Chapter 43

Baffled as he was, Arthur was well trained and his survival instincts kicked in quickly. He estimated that it was about 4 o’clock in the evening, an estimation based on the light coming through the window. There were a lot of clocks in the house, but they were all set to different times and some moved obviously faster than others. He’d also determined a few weeks prior that the house slanted, indicating the exit was on the downward slanting side.

Arthur moved quietly and fluidly, as if there was no doubt he was going in the right direction. Beatrice’s mother followed behind him, clutching Pepe to her chest, and Beatrice took up the rear. They followed silently, trusting Arthur would get them out of that god-forsaken house.

It was the best look that Beatrice had gotten of the house since she’d arrived there what felt like months ago. It was bigger than she’d remembered, funny considered what she remembered of it was from when she was a child. The hallways seemed longer, and the doors seemed farther away. They made turn after turn into empty hallway after empty hallway. Beatrice tried to keep track of their path, just in case they had to turn back. Every turn they made, she expected to see a cousin or a cousin’s child, but she saw no one. In fact, the entire house looked, sounded, and felt empty. There were no nasty kids running around making a mess, or nastier adults making an even bigger mess. There was no screaming, yelling, or maniacal laughter.

After what felt like ages, Beatrice’s mother said she needed to pause for a moment.

“Carrying Pepe around is like running a marathon cradling a bowling ball!” her mother stated, breathing heavily.

“That’s ok, we can take a break for a second,” Arthur said, still on high alert. His eyes darted from side to side, checking for anyone or anything that may try to stop them.

Arthur casually pulled Beatrice to the side, stepping momentarily away from her mother and Pepe. Beatrice saw in his eyes that something was wrong.

“Birdy, I don’t want to scare you or your mother, but something is…off,” Arthur said, trying to sound calm. “We’ve been going in circles. Every clue indicates that the exit should be right there,” he continued, pointing down the hall. “But its not. We just end up right back where we started. Beatrice, I don’t know what to do.”

Beatrice tried but failed to hide her surprise and disappointment. She knew it was too good to be true. Why would the cousins just let them go? It was counter-intuitive. It was another one of their tricks, and she’d fallen for it. Face first.

“There has to be another way. We can’t just be trapped in here forever,” Beatrice whispered, beginning to panic. The walls that had seemed so tall and the hallways that had felt so long suddenly began closing in. She felt trapped, and struggled to catch her breath.

Just then, a chubby Pepe waddled over to Beatrice. He nipped at the old pair of pants Beatrice was wearing, pulling her forward. Beatrice looked at her mother, who in turn looked at Arthur. He shrugged, “I guess we’re following the dog.”

-M.A. Gavin


Chapter 41

“We can finally be successful again.” Beatrice  had no interest in her father’s definition of success and refused to play any role in him achieving it. Beatrice was suddenly aware that she needed to get out of that room. She needed to escape, to find her mother and Arthur. Before, she’d been safer in the room by herself, separated from the cousins. But now, she wanted out.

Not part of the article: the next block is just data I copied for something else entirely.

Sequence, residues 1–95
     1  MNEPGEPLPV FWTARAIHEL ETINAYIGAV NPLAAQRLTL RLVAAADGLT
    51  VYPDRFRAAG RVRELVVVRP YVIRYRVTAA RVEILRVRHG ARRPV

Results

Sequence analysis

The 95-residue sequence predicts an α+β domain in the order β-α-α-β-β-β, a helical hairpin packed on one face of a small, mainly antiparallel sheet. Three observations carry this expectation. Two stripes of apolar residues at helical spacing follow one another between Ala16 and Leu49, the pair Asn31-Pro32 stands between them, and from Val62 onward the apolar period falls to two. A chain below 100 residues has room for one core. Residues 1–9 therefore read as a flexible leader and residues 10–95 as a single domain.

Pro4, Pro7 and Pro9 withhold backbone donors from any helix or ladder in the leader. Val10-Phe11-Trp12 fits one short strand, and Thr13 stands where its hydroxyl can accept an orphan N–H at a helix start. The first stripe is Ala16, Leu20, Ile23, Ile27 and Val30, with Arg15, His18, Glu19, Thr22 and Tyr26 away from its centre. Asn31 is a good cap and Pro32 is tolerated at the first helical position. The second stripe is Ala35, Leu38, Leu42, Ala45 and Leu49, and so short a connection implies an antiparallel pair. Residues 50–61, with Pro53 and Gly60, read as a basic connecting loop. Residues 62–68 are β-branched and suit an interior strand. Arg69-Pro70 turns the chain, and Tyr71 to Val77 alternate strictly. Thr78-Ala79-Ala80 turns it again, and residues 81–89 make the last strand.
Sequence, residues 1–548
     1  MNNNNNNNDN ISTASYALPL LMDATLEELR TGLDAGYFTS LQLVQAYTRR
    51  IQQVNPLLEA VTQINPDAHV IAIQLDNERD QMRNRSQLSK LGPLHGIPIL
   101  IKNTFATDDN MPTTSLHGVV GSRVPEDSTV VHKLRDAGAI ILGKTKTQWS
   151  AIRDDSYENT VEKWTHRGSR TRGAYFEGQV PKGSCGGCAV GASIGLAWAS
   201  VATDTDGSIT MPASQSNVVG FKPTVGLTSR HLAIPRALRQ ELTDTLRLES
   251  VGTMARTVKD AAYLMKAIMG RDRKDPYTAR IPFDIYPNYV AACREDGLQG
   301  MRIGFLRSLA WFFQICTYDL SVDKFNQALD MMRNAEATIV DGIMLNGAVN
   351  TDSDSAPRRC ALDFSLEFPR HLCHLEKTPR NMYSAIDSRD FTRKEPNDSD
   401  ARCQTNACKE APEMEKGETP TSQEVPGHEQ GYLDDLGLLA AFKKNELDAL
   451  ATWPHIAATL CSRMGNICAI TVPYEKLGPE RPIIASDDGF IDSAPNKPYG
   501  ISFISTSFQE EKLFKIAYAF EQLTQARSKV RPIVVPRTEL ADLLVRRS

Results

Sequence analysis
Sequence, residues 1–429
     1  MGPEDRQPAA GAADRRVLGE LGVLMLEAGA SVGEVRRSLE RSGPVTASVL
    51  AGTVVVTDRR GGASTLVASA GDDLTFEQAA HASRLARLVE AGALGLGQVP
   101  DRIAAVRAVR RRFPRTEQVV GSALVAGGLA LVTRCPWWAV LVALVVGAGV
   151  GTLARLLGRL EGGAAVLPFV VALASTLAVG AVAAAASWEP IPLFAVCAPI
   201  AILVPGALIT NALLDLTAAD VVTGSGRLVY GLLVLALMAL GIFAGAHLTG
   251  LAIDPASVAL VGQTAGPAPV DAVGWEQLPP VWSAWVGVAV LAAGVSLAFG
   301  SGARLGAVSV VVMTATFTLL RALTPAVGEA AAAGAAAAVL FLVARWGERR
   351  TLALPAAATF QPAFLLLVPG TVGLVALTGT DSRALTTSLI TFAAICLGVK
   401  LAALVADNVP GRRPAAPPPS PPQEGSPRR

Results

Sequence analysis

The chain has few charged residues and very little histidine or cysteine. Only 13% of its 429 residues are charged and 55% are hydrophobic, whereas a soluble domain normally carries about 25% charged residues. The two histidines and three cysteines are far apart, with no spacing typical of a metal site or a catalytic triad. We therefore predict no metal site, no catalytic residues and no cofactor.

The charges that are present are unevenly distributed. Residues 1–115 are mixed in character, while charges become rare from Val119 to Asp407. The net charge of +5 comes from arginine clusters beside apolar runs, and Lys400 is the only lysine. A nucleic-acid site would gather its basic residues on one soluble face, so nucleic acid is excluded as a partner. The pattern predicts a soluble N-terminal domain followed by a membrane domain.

Her father was standing on the side of the bed closest to the door. She was standing opposite him, contemplating her options. Beatrice examined her father, wondering if he would try to stop her if she left. He was tall, but slim. His shoulders hunched over him, and there were dark circles under his eyes. Still, Beatrice had learned long ago not to underestimate a person based on his appearance. After all, Gerald Jr. used to wear tape on the arch of his glasses and had an assortment of pocket protectors- one for each day of the week.

She refocused her attention. Her father was saying something, “…can you believe it, Birdy?” He looked at her expectantly, but she said nothing. He continued to ramble and reminisce, and Beatrice continued to ignore him. She moved a step to her left, testing to see how he would react. He angled his body to face her, but didn’t move from his spot. She moved another step. Again, he didn’t move. One more step. Her father stopped talking, but again, he didn’t move.

Were the cousins waiting outside the door? Is that why he wasn’t trying to stop her? Did he think she wouldn’t actually try to escape? Was he testing her?

“You know, you’re about as subtle as your mother with a bullhorn.”

“You don’t know anything about me.”

“Beatrice, I know I wasn’t around. That doesn’t mean I wasn’t keeping up. I know more about you than you could ever imagine.”

Beatrice stood silently, resolved not to give her father the satisfaction of getting to her. For a split second, she turned her attention to the door, and wondered if she’d ever escape.

“I won’t stop you,” her father said, as if reading her mind. “If you want to walk out that door, I won’t get in your way.”

Was he tricking her? What was on the other side of the door?

“It’s not a trick, I promise,” he added, placing his hand over his heart. “Turn right. Go up the stairs. Your mother and Arthur will be there.”

Again, Beatrice had the nagging suspicion that something was very, very wrong. Why would her father just let her go after going through all that trouble to get her there?

“I’ll even sit down, if that makes you more comfortable,” he said, sitting on the edge of the bed.

Beatrice walked cautiously out the bedroom door. To her surprise, no one was there. She looked to her left and then to her right, debating whether or not to trust her father. She flipped a mental coin, and turned right.

-M.A. Gavin

Chapter 37